First published in 1855 and reissued here in the second edition of that year, this two-volume work celebrates the life of the author, wit and clergyman Sydney Smith (1771-1845). A founder of the second Edinburgh Review, Smith is best remembered for his entertaining observations and witticisms. The work comprises a memoir, written by Smith's daughter Saba Holland (1802-66), and a selection of letters, edited by Sarah Austin (1793-1867). Together, the volumes offer private insights into a man who lived much of his life in the public eye. Sharing her father's sense of humour, Holland peppers her memoir in Volume 1 with many of his best jokes, while also emphasising his character as a compassionate clergyman, loving father and dutiful friend. Volume 2 continues with Smith's letters, selected for the light that they shed on his character.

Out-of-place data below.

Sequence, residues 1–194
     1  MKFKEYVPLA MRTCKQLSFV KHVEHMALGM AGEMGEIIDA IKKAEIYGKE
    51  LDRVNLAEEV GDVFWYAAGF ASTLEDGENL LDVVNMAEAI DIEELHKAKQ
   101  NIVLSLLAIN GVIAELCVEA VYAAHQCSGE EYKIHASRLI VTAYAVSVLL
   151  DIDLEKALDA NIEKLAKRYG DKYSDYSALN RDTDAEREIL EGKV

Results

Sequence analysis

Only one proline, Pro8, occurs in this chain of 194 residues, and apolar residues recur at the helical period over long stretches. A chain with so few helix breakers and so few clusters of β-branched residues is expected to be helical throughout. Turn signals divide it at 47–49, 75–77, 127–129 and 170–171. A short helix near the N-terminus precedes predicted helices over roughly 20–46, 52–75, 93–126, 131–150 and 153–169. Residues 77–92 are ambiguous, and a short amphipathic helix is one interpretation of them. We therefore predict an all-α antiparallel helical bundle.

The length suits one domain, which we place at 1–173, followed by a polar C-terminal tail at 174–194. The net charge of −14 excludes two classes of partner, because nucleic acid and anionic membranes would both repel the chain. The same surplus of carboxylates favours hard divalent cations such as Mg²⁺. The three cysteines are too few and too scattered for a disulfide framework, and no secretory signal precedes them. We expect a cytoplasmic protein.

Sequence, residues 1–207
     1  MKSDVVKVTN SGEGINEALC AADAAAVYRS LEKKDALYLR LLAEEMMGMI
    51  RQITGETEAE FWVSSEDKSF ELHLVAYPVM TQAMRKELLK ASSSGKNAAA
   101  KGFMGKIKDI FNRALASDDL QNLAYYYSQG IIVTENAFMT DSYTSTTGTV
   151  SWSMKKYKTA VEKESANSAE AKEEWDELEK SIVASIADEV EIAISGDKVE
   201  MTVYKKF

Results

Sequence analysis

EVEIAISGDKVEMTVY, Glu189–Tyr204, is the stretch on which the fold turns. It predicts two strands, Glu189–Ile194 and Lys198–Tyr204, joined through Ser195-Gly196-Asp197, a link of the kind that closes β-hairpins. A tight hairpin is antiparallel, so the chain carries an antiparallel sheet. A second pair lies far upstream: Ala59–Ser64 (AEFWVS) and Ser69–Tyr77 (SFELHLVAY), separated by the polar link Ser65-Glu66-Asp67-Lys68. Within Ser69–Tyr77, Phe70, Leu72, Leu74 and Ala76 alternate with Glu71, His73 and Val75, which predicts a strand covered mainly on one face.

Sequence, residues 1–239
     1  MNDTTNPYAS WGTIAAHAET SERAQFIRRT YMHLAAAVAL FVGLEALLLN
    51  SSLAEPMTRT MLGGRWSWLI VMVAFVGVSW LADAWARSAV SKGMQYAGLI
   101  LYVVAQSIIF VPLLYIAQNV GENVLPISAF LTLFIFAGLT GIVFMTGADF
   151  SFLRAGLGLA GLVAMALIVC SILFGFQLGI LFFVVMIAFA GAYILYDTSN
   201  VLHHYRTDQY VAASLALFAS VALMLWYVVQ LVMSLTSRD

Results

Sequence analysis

This book attempts to explore style-a traditional topic-in literary translation with a corpus-based approach. A parallel corpus consisting of the English translations of modern and contemporary Chinese novels is introduced and used as the major context for the research. The style in translation is approached from perspectives of the author/the source text, the translated texts and the translator. Both the parallel model and the comparable model are employed and a multiple-complex model of comparison is proposed. The research model, both quantitative and qualitative, is duplicable within other language pairs. Apart from the basics of corpus building, readers may notice that literary texts offer an ideal context for stylistic research and a parallel corpus of literary texts may provide various observations to the style in translation. In this book, readers may find a close interaction between translation theory and practice. Tables and figures are used to help the argumentation. The book will be of interest to postgraduate students, teachers and professionals who are interested in corpus-based translation studies and stylistics.
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